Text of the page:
Liber Fridman

Liber Fridman was born in Argentina . Since he was young, he manifested his adventurous spirit in an outer search that took him to the most throbbing places of South America . This was the reflection of another search, an inner one, which would allow him to find himself, his original style and his own destiny. These searchers would take him from the Hispanic-guaranitic architectural monuments of the interior of Paraguay to the rubber plantations of the Amazon; places he portrayed during the years that he stayed in each one of them.

After visiting Brazil , he spent a short time in the inland of Venezuela and then traveled to Peru where he would find the reason of his trips and his existence; a country he would not leave for several decades. In Peru , Fridman discovered the peculiar style of his art. As he was getting into the pre-Colombian cultures, he was able to capture their mythological and missing legacy in his work. One time, during an exhibition of his works in Lima , someone asked him what he expected to transmit with his art. Fridman answered with an exceptional phrase: “to recreate a world”. This answer summed up the whole spirit that impelled his work, the recovery of the mythical past of the pre-Colombian Peru .

Shortly before he was 70, he returned to Argentina where he started to give birth to his best works. Only when he physically left his beloved Peru , did he manage to express, with the highest intensity, everything he developed and thought out during the decades spent there. It was in Argentina where he found the distance and peace that he needed to create the definitive and final set of his artistic production.

Introduction to Liber Fridman´s work

In "ABADDON EL EXTERMINADOR" ("Abaddon, The Exterminator"), I made some statements which still retain their validity today, even more than ever before. The arts -with some dramatic exceptions- have been transformed into an elitist art in the worst sense of the word, into a sort of ironic rococo similar to that which dominated the French salons of the 18th century. That is, far from being an avant-garde art, it may be deemed as a rearguard art. And, as always under these conditions, it becomes a minor art: it serves to entertain, to pass the time between winks among those who are involved in the subject. Ladies and gentlemen, bored with life, met in those salons to gossip and make a joke of everything. Witty acrostics, epigrams and puns, parodies of the Aeneid were elaborated, topics were proposed for the participants to write poems. On one occasion, twenty-seven sonnets were written on the (hypothetical) death of a parrot. An activity which, to major art, is as fireworks to the burning of an orphanage. Musique de table , nothing to disturb the digestion. Serious issues were ridiculed, ingenuity replaced genius, which is always in poor taste. While the poor died of hunger or were tortured in dungeons, an art of this nature can only be considered as a spiritual perversity and putrefact decadence. However, in defence of this race, it must be said that they did not see themselves as the paladins of the revolution that was emerging. Even in this regard, they had good taste, something which cannot be said of those who call themselves revolutionaries today. Some thirty years ago, right here, in Buenos Aires , the project of a novel which could be read either from beginning to end or from end to beginning, was joyfully welcomed. Just like those marquises. At a Biennial held in Venice , somebody exhibited a Down syndrome person on a stand. When these extremes are reached, one can understand that our civilization is crumbling.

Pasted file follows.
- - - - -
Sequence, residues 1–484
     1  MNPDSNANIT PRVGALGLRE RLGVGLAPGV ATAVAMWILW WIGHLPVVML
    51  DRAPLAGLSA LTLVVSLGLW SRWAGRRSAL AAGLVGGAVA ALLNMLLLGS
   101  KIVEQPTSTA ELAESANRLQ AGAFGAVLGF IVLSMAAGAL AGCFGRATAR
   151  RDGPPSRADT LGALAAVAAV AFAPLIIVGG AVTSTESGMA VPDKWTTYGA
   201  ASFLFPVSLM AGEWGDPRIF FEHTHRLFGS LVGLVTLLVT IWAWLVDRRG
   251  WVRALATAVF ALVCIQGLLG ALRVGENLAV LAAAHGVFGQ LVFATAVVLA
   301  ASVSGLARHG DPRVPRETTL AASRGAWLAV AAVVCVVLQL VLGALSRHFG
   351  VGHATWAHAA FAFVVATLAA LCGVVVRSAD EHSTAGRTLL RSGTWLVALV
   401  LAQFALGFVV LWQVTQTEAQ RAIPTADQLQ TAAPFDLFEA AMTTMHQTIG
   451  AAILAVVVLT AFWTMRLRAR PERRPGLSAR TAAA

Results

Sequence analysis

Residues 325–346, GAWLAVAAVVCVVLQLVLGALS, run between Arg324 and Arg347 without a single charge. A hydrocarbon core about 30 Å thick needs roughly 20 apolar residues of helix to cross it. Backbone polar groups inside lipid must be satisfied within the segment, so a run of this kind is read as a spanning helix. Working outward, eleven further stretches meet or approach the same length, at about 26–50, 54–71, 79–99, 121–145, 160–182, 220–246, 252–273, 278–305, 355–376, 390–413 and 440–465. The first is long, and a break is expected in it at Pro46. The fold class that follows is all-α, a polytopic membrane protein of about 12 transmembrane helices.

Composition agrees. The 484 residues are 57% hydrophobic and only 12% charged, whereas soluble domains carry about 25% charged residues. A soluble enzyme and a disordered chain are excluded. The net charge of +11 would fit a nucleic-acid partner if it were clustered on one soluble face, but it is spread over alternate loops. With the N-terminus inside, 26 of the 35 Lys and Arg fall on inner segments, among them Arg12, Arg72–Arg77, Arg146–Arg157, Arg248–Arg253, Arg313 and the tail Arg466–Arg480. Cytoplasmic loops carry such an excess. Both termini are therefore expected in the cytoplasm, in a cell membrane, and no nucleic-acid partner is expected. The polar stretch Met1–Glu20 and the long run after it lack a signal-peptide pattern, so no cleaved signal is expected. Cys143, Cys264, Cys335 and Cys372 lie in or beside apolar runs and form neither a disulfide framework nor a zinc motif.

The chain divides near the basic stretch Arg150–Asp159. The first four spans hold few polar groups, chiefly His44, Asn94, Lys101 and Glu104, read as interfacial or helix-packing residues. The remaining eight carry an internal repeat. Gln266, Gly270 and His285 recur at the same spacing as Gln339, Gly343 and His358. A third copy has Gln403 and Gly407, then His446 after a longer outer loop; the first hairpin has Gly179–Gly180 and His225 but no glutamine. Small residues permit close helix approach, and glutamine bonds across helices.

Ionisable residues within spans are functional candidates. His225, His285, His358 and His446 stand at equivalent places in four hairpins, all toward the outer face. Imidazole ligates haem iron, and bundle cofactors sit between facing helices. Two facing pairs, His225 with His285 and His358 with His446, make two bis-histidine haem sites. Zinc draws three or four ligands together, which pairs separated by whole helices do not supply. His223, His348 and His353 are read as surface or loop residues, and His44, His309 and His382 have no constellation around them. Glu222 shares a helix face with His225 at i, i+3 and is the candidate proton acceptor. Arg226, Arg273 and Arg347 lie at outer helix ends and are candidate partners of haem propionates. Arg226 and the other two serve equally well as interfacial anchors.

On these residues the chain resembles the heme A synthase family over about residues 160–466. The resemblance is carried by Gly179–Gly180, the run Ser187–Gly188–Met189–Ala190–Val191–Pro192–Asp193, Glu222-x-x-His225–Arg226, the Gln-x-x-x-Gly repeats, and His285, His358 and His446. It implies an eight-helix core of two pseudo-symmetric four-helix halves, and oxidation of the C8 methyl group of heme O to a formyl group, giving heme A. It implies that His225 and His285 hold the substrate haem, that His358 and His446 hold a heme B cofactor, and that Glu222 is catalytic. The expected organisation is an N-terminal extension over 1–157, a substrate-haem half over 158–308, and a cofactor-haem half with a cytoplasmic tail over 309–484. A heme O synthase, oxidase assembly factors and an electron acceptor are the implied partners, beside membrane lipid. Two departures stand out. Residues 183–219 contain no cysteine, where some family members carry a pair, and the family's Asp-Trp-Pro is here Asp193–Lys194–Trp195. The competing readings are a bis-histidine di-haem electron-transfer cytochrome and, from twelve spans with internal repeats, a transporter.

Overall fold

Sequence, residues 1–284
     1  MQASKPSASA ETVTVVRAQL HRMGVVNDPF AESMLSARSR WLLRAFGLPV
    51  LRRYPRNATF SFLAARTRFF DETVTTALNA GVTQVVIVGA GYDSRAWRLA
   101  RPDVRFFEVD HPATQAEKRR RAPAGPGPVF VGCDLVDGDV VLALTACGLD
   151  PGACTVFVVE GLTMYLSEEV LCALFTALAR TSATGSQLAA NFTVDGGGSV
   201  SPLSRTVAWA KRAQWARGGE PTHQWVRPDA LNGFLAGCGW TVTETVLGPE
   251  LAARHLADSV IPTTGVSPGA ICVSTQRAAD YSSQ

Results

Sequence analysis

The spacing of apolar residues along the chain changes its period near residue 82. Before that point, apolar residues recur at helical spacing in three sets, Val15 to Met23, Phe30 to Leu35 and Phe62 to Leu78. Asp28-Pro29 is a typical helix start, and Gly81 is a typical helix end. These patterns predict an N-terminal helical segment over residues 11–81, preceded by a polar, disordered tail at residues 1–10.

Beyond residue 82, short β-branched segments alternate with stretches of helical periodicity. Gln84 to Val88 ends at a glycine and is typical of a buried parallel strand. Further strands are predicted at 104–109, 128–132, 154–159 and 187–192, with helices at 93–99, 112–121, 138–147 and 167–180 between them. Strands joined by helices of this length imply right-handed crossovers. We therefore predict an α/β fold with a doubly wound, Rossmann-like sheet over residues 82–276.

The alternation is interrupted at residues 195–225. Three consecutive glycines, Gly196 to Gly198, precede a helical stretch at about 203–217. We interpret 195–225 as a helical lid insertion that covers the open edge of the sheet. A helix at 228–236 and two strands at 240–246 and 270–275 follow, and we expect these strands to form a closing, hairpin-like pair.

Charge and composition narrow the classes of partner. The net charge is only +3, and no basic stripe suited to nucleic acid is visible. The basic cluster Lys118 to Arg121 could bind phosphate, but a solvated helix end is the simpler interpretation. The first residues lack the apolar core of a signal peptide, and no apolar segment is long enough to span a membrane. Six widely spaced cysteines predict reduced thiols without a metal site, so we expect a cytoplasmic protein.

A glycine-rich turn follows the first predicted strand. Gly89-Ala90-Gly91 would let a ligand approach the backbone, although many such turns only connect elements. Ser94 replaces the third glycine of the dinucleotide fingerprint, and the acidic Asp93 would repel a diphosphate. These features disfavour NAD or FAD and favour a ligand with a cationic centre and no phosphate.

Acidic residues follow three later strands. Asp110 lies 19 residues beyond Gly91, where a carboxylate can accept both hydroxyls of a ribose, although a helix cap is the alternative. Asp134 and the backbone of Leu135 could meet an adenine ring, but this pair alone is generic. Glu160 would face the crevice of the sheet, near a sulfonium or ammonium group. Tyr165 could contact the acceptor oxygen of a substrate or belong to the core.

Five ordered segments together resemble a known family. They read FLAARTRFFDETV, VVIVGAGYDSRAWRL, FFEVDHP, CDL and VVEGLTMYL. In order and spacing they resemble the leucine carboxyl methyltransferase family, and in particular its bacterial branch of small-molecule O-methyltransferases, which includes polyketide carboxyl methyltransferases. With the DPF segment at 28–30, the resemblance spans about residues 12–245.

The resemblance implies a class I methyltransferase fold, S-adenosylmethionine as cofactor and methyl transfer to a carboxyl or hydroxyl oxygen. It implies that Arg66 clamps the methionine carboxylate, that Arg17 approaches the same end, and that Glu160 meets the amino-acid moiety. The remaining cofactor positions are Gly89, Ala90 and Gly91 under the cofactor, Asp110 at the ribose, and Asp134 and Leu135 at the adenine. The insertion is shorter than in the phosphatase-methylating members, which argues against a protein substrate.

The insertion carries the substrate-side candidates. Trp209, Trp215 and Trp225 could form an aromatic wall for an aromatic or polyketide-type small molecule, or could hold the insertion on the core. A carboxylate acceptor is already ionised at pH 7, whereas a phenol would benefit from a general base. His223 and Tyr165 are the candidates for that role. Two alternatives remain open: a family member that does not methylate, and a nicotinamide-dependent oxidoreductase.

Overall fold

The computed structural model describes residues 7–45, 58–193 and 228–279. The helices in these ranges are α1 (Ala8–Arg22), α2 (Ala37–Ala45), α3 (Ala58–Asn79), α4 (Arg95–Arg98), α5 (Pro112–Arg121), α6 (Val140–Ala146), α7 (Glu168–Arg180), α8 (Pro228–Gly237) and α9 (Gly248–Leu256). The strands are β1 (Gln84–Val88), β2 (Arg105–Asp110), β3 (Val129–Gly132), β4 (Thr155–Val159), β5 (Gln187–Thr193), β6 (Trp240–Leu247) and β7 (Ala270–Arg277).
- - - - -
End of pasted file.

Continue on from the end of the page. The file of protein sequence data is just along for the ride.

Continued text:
Liber Fridman, whom nobody or almost nobody gave a thought when he held an exhibition, a man who has spent the past 84 years of his life studying the archaic cultures of Latin America -including the Amazon region-, a man who also undertook major restoration projects of the paintings in the temples there, one the kindest and most generous persons I've been lucky to meet, undoubtedly is a painter who shall go down in the history of our artistic continent.

Ernesto Sábato, Santos Lugares, May 1995.